shape of rivers and waterfalls, the hulking shoulders of the mountains that simply

majestic white being moving like a swan across the rippling blue mountain sky.

inhabit one’s unconscious here, the heavy-lightness of glaciers, the long white cloud, fallen beeches carpeted in moss nursing a new generation of future giants, and the

The arcs across the Rees Valley captured in February 15, 2012: Rees Valley, New

tussocks blowing in the wind in the same way one runs fingers through a lover’s hair.

Zealand 2 carry that sonic nature of the valleys. In what might be a static visual

They are all here. Elementally. With no foregrounds or backgrounds in which to get

landscape, Mike draws us into the conversation among the mountains and the

ones shoes stuck in the mud.

wind, the way the light bends, the way the wind shapes. In this he captures not February 17, 2012: Mt. Earnslaw, New Zealand, 70ºF 4 captures the essential nature of a post-glacial landscape where the lake and river waters are colored by rockflour, stone particles so fine that they cannot separate out in the water. They create their own pallet of blue-green that Mike uses here to be both the color of the lake and to capture the cascading waterfalls. Here he paints the power of water set in juxtaposition to the angularity of the landscape, where the weight of glaciers have smoothed whole mountain ranges into flat planes, resting one against the other in cubist simplicity. The sheer golden face rising up from the water mirrors most perfectly the view of one of Mt. Earnslaw’s lower faces known locally as “the Leap.” 1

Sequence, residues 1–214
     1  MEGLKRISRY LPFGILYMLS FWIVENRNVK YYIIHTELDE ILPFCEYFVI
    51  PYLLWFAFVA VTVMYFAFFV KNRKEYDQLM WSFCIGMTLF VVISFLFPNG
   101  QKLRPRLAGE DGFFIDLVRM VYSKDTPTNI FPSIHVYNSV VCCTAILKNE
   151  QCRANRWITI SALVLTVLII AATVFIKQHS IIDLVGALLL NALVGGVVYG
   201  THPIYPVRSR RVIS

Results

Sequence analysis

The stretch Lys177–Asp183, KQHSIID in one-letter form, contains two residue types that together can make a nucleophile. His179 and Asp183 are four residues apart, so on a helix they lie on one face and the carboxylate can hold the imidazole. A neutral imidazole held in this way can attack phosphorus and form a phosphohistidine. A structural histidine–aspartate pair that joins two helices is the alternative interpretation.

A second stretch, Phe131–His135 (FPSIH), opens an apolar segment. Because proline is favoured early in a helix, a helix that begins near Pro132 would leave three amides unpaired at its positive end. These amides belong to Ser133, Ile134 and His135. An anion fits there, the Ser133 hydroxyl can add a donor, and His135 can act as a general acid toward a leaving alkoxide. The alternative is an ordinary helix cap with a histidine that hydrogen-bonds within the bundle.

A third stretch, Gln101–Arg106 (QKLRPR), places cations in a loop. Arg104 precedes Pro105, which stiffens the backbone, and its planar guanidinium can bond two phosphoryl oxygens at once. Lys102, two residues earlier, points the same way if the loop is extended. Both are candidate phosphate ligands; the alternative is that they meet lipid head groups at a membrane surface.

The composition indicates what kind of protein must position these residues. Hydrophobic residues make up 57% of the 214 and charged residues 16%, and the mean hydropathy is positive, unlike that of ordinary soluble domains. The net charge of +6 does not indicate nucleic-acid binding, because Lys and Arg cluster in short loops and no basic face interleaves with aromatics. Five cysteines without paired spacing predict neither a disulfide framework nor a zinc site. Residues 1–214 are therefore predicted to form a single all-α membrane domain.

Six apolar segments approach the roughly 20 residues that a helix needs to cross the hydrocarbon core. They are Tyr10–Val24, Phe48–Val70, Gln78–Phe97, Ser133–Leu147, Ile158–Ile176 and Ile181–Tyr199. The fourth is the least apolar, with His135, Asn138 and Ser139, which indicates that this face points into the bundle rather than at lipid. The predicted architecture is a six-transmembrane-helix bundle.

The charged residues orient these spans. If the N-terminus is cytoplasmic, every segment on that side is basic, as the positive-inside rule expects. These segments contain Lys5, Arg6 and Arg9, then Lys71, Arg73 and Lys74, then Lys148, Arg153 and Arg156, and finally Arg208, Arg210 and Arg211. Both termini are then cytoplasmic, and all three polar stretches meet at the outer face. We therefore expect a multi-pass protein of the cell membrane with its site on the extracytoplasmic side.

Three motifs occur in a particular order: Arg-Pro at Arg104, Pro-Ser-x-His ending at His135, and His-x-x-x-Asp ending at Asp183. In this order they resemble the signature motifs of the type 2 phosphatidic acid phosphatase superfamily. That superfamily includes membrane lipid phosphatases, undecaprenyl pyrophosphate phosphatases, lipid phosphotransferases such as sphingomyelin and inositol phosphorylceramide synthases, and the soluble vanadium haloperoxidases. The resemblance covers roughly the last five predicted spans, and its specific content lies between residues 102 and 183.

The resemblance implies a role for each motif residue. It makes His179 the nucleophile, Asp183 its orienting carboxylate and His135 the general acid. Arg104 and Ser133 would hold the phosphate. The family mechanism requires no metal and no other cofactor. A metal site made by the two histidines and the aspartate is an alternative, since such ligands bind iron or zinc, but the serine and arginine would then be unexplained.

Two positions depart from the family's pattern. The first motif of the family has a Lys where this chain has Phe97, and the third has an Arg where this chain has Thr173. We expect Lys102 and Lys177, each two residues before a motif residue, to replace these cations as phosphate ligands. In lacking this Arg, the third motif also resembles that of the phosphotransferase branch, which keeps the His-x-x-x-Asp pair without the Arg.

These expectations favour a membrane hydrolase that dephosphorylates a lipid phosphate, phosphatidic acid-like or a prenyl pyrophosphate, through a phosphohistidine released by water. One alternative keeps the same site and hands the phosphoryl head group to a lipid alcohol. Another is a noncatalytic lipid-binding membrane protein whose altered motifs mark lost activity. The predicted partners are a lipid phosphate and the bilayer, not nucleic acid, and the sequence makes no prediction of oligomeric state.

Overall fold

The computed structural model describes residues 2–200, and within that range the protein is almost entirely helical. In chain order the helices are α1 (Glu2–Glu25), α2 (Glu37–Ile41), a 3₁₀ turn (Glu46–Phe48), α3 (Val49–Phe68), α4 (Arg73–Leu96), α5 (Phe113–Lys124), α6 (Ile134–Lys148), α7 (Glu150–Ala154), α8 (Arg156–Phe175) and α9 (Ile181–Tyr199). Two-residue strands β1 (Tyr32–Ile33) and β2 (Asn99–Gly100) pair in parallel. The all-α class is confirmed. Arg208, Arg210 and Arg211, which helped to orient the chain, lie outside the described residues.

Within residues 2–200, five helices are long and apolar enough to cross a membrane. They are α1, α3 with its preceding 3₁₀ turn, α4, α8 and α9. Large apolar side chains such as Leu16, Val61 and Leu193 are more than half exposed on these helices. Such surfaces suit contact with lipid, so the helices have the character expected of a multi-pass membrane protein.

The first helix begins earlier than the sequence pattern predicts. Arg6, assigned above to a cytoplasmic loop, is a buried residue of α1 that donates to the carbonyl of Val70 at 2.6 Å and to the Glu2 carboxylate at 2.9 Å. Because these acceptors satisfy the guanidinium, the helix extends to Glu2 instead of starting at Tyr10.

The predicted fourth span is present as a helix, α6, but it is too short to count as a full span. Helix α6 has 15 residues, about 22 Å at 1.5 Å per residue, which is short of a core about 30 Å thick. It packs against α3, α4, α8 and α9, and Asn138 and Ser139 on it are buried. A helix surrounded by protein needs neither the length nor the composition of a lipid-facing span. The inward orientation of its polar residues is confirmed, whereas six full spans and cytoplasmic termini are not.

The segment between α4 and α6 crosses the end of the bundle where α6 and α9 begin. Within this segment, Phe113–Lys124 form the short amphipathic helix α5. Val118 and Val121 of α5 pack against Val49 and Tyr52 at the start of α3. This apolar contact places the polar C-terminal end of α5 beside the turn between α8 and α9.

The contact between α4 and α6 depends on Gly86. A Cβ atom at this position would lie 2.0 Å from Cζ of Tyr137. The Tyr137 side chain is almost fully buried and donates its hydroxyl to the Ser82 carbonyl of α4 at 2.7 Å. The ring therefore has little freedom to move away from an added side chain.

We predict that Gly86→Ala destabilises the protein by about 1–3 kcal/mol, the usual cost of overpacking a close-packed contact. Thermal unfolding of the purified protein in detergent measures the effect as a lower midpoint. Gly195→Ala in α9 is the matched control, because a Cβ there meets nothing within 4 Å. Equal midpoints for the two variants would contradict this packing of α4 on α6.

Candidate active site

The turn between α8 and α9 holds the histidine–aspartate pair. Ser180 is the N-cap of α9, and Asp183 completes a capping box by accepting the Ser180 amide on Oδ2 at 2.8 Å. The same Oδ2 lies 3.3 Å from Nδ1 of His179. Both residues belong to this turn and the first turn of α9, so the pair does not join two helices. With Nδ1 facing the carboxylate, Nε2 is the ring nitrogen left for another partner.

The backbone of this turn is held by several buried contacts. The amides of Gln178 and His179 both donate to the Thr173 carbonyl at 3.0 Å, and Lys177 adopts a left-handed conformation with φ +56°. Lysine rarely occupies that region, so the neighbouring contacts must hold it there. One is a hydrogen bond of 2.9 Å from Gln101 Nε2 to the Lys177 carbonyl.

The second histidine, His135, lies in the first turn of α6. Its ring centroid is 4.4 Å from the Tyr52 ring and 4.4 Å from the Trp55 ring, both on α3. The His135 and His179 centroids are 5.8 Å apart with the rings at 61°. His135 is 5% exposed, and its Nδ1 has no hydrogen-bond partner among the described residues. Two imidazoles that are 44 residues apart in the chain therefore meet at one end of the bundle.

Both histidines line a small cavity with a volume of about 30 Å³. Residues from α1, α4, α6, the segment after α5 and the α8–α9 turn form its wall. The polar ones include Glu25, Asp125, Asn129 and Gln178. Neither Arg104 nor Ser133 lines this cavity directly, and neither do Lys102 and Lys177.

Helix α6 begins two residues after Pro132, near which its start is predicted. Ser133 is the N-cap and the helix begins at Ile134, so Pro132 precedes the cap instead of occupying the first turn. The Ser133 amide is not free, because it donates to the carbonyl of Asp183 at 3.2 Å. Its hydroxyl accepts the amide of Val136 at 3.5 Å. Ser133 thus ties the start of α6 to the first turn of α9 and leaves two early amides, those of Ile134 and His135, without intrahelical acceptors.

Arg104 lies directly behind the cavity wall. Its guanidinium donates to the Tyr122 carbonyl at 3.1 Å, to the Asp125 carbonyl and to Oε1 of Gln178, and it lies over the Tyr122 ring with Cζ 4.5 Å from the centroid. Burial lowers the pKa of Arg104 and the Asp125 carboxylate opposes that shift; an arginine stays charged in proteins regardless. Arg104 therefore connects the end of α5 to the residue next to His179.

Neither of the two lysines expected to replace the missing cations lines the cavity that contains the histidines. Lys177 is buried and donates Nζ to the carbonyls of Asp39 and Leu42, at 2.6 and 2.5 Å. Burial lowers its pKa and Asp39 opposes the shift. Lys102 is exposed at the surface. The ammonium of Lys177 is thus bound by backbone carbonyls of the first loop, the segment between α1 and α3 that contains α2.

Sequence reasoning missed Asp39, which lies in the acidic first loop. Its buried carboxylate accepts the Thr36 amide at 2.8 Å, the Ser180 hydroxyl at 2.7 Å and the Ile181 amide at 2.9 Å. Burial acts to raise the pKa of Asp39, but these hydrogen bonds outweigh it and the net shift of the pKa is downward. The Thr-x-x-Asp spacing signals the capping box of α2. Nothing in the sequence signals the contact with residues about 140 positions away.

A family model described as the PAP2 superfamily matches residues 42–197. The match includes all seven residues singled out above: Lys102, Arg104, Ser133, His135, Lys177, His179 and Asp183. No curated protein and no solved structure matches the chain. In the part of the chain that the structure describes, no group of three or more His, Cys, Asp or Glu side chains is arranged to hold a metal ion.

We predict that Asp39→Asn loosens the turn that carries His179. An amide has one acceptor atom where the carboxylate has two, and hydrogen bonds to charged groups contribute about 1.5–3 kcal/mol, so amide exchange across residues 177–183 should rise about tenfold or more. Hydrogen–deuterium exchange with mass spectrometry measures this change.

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The great contrast of scale are difficult to capture in this landscape, where one

the clouds to become that summer swan of the sky, when the sounds of the landscape

can feel deeply enclosed within an enveloping woodland with fallen trees standing

take the shape of long arcs refracting the summer light, we see not only the landscape

in darkening shadow almost predatorily, such as in January 26, 2012: Routeburn,

in front of us but also the images sprung from it. A place loves nothing better than

New Zealand 5.

to have itself reflected back by someone with a commitment to share his own vision honestly within it. I believe we all saw something new of ourselves, and something

For me, though, it is Mike’s understanding of the region’s blue which resonates so

deeply and reassuringly familiar in the paintings that arose within the light and blue

powerfully. Mountains produce their own colors, of course, and at different times

mountain shadows of the summer of 2012.

of day, the Richardsons and the Humboldts dress in olive and dun green, sometimes tawny with tussock and capped with white snow and shining grey stone. But in the